My fellow white Minnesotans, we see in George Floyd’s agony and Derek Chauvin’s casual cruelty what we must see. Our fellow Minnesotans’ lives are threatened by the very systems we have built. Black, brown and Indigenous Minnesotans told us this, but we did not hear. We must now listen and act to build a new Minnesota.
This is not just about the Twin Cities. The 1920s Duluth lynching of three Black men and the 1862 Mankato mass execution of 38 Indigenous people, the largest U.S. execution, paved the road to today. Currently, Rochester’s poverty gap between Blacks and whites is larger than any other American city of similar size. In Rice County, where my parents live, the vast majority of people infected with COVID-19 are persons of color in a county that is overwhelmingly white.
I’m from southwest Minnesota. I moved to the Twin Cities for college and stayed to work and raise a family. My hometown, Marshall, as Ahmed Yusef noted in his book “Somalis in Minnesota,” is the first Minnesota town that offered good jobs and schools to Somali families.
As a Norwegian Lutheran, I have benefited from everything Minnesota offers. Marshall High School gave me the foundation to study at Oxford University on a Rhodes Scholarship and Governor Rudy Perpich appointed me to chair the state commission that led to MinnesotaCare the week I had my first child. I served in a senior position at a Fortune 500 company working on Medicare and Medicaid and in a top Obama administration global health position. Today my work as a global nonprofit CEO takes me more often to west Africa than western Minnesota. And in quiet moments at night, wherever I am, my mind goes to the prairies of Lyon County.
My three sons are St. Paul Central High School graduates and I know that a police traffic stop will not cost their life as it did their fellow Central graduate Philando Castile. I have never feared that my sons will call for me under a police officer’s knee.
I saw the inequities, but I didn’t see them well enough
Like many white Minnesotans, I saw these inequities, but I didn’t see them well enough. My love for what is exceptional about Minnesota blinded me. I thank young Minnesotans for their relentless leadership in protest that forces clarity and action. Every Minnesotan should have every opportunity that has been afforded to me, my sons and other white Minnesotans.
To witness Holy Trinity Lutheran Church surrounded by fires and yet providing first aid, food and refuge shows how Minnesota Lutherans statewide can support communities of color. On Lake Street and University Avenue, Minnesotans set the tone for America by responding to the protests with work gloves, brooms and mutual aid.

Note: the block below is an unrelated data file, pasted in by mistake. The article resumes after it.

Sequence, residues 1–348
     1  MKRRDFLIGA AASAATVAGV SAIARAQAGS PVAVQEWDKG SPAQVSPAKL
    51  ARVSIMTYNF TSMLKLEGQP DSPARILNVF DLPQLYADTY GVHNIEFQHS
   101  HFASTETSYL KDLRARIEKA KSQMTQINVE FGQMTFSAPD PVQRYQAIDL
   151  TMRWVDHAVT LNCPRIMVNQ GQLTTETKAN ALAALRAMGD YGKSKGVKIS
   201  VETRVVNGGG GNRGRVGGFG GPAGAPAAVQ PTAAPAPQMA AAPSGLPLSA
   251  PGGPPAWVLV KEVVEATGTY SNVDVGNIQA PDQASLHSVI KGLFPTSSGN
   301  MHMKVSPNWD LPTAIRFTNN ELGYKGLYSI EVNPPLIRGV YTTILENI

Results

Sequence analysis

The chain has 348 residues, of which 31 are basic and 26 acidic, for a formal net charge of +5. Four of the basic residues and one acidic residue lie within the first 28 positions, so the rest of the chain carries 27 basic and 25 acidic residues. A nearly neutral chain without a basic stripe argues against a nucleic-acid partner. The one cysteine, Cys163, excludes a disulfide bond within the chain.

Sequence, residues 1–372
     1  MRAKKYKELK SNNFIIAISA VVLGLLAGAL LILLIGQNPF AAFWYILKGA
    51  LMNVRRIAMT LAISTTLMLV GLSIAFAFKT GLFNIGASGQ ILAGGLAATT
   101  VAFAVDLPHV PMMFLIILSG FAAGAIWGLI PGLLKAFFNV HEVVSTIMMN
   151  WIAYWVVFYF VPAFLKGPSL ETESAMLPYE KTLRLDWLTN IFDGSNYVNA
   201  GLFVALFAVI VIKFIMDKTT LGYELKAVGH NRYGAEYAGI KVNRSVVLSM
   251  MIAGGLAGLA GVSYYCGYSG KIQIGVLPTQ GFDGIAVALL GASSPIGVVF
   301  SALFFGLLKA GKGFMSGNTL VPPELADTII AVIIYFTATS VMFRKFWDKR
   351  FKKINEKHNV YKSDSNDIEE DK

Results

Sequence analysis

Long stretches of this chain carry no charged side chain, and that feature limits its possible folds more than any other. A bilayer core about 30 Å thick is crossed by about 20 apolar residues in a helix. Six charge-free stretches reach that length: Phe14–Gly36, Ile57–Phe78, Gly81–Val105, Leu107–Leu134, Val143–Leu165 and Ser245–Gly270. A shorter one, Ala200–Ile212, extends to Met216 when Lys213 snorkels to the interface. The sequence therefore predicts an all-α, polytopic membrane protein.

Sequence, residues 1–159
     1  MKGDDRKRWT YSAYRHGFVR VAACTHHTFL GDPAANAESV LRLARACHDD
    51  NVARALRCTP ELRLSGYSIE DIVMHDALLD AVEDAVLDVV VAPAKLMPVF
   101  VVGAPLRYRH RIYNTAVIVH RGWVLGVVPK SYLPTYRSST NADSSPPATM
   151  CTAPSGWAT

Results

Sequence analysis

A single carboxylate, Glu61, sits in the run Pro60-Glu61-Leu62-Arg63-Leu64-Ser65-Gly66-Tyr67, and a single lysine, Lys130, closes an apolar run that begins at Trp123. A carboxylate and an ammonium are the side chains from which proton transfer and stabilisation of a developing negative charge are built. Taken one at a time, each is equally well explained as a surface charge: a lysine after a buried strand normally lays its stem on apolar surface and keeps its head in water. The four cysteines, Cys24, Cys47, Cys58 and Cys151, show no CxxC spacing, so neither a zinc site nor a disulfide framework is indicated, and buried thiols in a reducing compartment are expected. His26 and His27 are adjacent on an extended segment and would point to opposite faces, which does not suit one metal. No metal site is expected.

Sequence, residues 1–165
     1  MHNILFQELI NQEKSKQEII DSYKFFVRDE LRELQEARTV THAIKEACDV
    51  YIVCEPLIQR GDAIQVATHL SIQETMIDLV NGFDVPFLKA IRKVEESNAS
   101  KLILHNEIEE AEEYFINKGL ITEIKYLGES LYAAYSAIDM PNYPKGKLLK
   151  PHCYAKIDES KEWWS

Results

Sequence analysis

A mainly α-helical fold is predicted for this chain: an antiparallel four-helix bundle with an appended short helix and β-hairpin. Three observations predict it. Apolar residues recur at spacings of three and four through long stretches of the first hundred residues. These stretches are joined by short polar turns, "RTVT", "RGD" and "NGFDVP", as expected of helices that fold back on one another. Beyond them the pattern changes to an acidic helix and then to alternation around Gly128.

This spirit of hard work and generosity now must become action in daily life, at work, and in legislation so that Minnesota is for all of us. A young Black protester interviewed by WCCO’s Mike Max at Bobby and Steve’s Auto World pointed out in the midst of protests about racial inequities that he and the white National Guard citizen-soldier next to him both had families they wanted to go home to. The pandemic shows us that we can act quickly to save each other’s lives.
We need conversations — and action
In 2014, I married again, and my husband is an American Muslim. This wonderful personal event gave me new perspective.
We can understand each other even though our lives and our histories are different. Dr. Ayaz Virji, a Dawson physician, and the Rev. Mandy France, a rural Minnesota Lutheran pastor, launched “Love They Neighbor” conversations so Christians and Muslims could get to know each other. This listening is to each other not just to the loudest voice or the angriest voice. A statewide conversation between every race and religion, urban and rural, of every income and age is essential.
And conversations need to lead to actions to change our schools, companies, criminal justice and health care systems so Black, brown and Indigenous Minnesotans have the same opportunities that white Minnesotans have.
Minnesotans, we have a choice. We can be the byword for racial injustice, or we can show this country how to be a more perfect union. It is now up to us.
Lois Quam grew up in Marshall, Minnesota, and lives now in Washington, D.C., and St. Paul.
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